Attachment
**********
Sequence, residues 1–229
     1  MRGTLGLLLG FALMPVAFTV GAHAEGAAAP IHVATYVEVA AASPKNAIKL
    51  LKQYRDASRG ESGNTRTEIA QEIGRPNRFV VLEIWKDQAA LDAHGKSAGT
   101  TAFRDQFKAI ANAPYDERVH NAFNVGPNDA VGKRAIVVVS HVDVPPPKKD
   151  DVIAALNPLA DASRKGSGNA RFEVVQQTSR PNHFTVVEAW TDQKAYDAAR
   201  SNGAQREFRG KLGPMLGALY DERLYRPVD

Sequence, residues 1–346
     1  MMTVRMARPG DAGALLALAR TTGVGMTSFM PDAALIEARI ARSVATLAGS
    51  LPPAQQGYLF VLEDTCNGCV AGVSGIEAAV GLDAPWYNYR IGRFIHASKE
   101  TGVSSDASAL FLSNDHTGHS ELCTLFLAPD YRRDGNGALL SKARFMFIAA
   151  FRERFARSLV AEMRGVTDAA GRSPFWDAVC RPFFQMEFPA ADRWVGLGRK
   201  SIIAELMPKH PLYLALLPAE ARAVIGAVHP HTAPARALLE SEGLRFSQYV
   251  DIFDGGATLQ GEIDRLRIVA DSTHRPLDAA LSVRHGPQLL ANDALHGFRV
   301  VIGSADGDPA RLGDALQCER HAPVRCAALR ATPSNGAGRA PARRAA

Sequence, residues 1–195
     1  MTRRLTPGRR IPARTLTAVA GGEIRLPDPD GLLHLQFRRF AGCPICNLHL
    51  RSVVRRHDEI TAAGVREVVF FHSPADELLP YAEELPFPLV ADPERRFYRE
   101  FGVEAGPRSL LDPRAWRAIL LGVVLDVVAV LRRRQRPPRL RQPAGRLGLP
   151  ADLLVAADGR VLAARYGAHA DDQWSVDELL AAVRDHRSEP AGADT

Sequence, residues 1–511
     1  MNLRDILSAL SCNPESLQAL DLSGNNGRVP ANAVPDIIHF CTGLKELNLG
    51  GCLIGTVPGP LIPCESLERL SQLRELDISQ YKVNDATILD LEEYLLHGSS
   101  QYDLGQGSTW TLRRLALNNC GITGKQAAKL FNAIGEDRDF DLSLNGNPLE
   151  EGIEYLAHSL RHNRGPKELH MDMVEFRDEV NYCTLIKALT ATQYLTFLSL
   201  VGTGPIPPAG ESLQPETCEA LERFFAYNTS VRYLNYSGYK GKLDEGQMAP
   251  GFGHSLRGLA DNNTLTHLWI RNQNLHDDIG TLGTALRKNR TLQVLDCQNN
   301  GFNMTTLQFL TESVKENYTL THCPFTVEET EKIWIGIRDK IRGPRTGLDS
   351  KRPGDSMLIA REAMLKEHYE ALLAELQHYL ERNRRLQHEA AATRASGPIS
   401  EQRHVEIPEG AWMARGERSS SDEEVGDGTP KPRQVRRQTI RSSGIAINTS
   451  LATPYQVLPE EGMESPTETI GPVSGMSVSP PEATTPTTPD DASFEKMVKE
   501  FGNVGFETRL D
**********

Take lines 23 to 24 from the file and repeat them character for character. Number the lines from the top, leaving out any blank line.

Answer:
   101  QYDLGQGSTW TLRRLALNNC GITGKQAAKL FNAIGEDRDF DLSLNGNPLE
   151  EGIEYLAHSL RHNRGPKELH MDMVEFRDEV NYCTLIKALT ATQYLTFLSL